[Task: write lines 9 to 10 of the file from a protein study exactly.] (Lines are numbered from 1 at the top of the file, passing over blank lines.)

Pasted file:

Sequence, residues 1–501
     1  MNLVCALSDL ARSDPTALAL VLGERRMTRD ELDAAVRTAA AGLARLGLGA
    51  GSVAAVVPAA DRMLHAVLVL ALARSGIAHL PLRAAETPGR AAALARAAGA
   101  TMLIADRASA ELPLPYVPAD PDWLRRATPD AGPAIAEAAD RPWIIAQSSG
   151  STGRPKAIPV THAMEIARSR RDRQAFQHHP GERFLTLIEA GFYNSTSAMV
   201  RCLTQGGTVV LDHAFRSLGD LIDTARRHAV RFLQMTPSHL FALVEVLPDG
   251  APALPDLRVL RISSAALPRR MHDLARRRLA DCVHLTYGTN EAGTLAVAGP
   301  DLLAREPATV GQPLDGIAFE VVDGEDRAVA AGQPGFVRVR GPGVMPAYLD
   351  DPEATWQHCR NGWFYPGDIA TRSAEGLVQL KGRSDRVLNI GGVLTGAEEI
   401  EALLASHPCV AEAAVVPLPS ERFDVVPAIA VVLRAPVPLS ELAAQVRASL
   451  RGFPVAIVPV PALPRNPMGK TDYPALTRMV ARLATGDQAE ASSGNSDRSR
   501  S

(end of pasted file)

   351  DPEATWQHCR NGWFYPGDIA TRSAEGLVQL KGRSDRVLNI GGVLTGAEEI
   401  EALLASHPCV AEAAVVPLPS ERFDVVPAIA VVLRAPVPLS ELAAQVRASL